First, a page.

Could Vaccines Make SARS-CoV-2 Infection Worse? Scientists Weigh in on Antibody Dependent Enhancement

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In October 2020, when the world was under the dark cloud of COVID-19, and the United States was in the midst of massive political upheaval, some scientists were working hard to make sense of the virus. Others were trying to figure out effective treatment and public health protocols. Others, knowing the ongoing expedited vaccine development might compromise safety, tried to warn us of the risk of a phenomenon called Antibody Dependent Enhancement, or ADE. ADE happens when non-neutralizing antibodies generated from vaccination exacerbate viral infection, making the disease the vaccine is supposed to prevent worse for some people.

Of particular note was an article by an international team of scientists, published in the peer-reviewed journal Nature.

This article outlined the characteristics and mechanisms of ADE, before the COVID-19 vaccines were rolled out.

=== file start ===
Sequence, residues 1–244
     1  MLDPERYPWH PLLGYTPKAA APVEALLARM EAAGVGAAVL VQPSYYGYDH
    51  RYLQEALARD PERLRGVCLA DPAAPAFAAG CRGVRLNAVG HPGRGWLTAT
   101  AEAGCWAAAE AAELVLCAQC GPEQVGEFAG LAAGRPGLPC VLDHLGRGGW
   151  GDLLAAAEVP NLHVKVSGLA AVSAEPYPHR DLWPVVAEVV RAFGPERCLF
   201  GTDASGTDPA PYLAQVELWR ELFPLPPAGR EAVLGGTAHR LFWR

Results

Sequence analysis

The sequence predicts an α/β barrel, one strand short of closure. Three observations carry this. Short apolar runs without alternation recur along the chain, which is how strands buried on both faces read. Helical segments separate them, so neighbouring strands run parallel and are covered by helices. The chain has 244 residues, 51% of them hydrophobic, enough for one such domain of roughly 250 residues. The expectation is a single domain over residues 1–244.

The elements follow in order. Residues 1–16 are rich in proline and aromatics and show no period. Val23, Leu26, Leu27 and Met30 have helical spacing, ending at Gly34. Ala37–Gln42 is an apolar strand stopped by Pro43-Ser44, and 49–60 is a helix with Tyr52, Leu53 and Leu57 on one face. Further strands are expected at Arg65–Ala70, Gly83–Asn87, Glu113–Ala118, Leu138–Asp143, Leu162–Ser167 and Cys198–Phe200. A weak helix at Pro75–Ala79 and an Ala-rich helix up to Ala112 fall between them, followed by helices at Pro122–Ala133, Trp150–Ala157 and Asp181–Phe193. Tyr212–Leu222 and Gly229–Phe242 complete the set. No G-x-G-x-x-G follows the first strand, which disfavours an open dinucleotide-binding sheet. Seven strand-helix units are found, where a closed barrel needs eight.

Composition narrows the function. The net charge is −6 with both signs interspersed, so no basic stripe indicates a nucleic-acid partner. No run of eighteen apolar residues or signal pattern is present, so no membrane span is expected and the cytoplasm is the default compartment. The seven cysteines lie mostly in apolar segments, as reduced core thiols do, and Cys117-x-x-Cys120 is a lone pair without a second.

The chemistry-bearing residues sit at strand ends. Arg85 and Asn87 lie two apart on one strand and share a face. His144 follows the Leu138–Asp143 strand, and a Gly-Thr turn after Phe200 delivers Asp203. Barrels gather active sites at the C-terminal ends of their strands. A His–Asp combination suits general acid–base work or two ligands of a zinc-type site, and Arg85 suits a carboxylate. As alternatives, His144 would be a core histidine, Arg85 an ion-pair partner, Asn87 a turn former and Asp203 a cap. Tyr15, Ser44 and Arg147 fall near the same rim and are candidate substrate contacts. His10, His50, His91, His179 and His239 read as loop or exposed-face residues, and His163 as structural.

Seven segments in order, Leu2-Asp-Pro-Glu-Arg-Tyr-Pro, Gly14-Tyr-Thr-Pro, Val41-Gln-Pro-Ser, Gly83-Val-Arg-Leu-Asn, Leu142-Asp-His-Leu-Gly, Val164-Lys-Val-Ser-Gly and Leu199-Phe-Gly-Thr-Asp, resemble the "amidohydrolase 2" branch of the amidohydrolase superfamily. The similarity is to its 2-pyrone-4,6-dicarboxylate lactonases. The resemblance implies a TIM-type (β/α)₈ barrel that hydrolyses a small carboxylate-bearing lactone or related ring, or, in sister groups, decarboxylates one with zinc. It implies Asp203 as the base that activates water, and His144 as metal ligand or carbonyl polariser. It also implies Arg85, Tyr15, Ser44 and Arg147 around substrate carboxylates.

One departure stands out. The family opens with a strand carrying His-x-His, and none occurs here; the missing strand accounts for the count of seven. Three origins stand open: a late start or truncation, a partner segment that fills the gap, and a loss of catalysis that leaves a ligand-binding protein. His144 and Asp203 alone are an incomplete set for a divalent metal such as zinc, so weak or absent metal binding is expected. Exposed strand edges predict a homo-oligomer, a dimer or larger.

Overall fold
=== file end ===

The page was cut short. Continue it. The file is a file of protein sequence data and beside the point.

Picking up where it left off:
The scientists explained that “ADE and ERD (enhanced respiratory disease) have been reported for SARS-CoV and MERS-CoV both in vitro and in vivo.”

In other words, the closest relatives to SARS-CoV-2, the SARS-CoV and MERS-CoV viruses, both have the problem of ADE. It would be reasonable to investigate the “extent to which ADE contributes to COVID-19 immunopathology,” the scientists wrote.

According to the authors, ADE “can occur when non-neutralizing antibodies or antibodies at sub-neutralizing levels bind to viral antigens without blocking or clearing infection.”

The team called ADE a “real risk … for SARS-CoV-2 vaccines and antibody-based interventions.”

We know now that it is common for people vaccinated against COVID-19 to be infected and re-infected by SARS-CoV-2. The antibodies generated from the vaccines are not sterilizing (that is, they are not clearing infection), and non-neutralizing.

This begs the question: Do the vaccines actually help the virus infect people through ADE? If so, should the vaccines be pulled, as many doctors are now advising?

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